The Buffalo Municipal Housing Authority is obviously overdue for another audit by state officials or some other government oversight.
The recent story in The News outlining how the authority spent at least $90,218 over 16 months to hire a public relations firm to do work that it should have done in-house is an example of why the authority’s work needs to be examined.
Some BMHA board members have been left scratching their heads over why an authority with the mission to serve poor people decided it was OK to hand Eric Mower + Associates a no-bid contract for basic communications matters.
Authority executives had been handling routine matters such as press releases and media advisories up until September 2011, when they turned to the PR firm.
BMHA Executive Director Dawn Sanders-Garrett apparently hired Mower using money designated for professional services. However, the spending limit for such transactions is $25,000 a year, according to the chairman of the board of commissioners. Anything above that requires seeking bids for the work. The limit was far below the $72,882 the authority paid Mower last year. The firm additionally was paid at least $17,336 from September 2011 until the end of that year.
The authority has rules, and those rules should have been followed. Breaking spending into chunks less than $25,000, or however Sanders-Garrett wants to justify it, is breaking those rules and should be dealt with. The BMHA was throwing away money and certainly not serving the poor residents who depend on the authority.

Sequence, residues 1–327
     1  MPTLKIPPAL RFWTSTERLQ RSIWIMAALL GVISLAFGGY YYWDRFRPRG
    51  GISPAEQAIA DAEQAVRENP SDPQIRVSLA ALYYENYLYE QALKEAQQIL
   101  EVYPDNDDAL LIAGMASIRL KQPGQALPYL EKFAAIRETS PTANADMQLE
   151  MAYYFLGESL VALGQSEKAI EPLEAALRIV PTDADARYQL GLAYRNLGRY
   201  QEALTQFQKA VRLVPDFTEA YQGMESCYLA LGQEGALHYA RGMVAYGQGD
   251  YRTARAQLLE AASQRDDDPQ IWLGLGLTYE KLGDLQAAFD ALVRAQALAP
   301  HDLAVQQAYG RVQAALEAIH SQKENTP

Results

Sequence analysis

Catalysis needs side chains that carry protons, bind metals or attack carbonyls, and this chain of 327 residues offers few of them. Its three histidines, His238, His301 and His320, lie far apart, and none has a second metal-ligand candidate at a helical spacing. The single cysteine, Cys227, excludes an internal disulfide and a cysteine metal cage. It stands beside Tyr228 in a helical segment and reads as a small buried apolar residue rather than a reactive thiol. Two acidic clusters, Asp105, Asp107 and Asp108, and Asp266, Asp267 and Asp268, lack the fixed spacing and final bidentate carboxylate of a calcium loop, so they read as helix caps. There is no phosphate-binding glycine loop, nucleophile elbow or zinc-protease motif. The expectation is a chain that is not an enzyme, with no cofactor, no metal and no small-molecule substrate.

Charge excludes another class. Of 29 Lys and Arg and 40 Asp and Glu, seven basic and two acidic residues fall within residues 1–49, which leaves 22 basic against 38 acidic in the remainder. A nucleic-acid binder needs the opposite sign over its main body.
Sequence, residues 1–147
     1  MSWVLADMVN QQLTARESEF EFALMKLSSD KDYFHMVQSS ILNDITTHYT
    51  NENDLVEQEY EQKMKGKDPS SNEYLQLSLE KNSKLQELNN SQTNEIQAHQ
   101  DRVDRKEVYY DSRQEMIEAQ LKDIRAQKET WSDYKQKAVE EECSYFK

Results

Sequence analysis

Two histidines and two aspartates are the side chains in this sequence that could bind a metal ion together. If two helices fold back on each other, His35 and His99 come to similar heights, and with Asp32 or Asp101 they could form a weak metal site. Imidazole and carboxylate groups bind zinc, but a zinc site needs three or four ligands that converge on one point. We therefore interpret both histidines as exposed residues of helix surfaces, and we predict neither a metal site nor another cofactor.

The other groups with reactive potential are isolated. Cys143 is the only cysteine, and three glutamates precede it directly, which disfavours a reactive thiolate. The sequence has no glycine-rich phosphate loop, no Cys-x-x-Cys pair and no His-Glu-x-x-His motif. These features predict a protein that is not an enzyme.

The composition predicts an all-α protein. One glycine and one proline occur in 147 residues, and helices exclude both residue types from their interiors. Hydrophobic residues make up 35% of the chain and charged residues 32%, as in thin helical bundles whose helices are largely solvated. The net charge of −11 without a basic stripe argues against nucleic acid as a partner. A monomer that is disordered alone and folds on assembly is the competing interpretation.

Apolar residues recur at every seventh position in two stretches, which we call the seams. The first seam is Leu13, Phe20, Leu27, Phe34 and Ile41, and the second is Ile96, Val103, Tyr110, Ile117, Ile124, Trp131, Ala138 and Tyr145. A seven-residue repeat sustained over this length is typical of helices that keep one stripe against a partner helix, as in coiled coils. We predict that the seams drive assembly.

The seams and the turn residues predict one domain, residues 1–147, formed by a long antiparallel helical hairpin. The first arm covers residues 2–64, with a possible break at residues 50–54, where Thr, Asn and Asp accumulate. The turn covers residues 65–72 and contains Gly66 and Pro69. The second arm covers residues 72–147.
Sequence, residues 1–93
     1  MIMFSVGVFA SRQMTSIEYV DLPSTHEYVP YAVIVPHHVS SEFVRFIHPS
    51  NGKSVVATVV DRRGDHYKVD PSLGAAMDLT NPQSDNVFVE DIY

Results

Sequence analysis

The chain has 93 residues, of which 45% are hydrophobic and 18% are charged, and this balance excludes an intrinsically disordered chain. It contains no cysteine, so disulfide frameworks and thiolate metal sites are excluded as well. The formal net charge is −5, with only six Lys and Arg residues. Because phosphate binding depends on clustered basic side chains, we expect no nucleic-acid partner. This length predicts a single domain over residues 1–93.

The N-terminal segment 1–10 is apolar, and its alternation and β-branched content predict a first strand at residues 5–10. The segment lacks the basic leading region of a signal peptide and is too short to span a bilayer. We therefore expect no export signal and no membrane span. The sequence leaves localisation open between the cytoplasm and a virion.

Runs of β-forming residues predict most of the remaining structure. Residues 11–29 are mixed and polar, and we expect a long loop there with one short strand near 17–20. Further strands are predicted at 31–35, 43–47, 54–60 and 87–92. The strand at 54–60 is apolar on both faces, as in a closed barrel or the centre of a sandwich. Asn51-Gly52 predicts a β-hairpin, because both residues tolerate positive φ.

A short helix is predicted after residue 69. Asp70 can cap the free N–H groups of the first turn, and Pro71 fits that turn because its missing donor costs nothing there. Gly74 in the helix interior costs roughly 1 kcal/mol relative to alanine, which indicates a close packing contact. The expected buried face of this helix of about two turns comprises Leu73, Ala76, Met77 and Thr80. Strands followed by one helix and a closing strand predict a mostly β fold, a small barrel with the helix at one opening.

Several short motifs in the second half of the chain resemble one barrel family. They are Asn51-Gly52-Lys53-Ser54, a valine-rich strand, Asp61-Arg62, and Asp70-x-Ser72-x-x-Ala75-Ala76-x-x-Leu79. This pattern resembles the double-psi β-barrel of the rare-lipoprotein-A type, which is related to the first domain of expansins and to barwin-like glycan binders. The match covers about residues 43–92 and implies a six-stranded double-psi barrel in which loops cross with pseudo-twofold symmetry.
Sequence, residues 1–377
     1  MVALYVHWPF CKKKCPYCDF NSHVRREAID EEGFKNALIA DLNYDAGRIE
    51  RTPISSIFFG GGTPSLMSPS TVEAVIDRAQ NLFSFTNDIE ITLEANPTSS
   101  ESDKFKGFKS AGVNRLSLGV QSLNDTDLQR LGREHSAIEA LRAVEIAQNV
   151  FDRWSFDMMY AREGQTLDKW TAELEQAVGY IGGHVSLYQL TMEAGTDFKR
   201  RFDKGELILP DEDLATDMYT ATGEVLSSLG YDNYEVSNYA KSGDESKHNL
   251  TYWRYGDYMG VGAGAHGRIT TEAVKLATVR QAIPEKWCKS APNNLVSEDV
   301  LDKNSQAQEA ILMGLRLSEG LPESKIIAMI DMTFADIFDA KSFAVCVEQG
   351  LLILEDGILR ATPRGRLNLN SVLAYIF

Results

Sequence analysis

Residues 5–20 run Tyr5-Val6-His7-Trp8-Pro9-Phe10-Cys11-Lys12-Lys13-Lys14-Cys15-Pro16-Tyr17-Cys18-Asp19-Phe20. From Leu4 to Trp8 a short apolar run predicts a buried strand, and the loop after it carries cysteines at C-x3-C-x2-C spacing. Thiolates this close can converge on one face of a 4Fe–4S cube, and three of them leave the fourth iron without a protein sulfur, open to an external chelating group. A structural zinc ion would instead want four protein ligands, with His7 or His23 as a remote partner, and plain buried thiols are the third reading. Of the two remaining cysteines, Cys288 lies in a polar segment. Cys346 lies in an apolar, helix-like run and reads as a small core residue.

After the story in The News, the authority decided it will bid out the public relations contract. While complying with the law, it will still be wasting taxpayer money by having outsiders perform routine tasks.
The authority hired Mower on an emergency basis in 2011 to deal with the fallout from the discovery of asbestos at Kensington Heights and Marine Drive apartments. Rather than hire a PR agency to provide favorable spin on that mess, the BMHA should have simply made public all the information it had. Even more frustrating is the notion that routine matters once handled by staff should be handed over to an expensive outside public relations firm.
This is not the first time the authority has turned to a PR firm. Travers Collins & Co. was hired in 2003 for two years for basic marketing and community services. But at least Travers went through a competitive review and was selected over four other firms.
The public dollars flowing to the Buffalo Municipal Housing Authority cannot be treated like someone’s private piggy bank. Spending public money on pricey public relations firms to handle routine matters and circumventing the bidding process is simply unacceptable.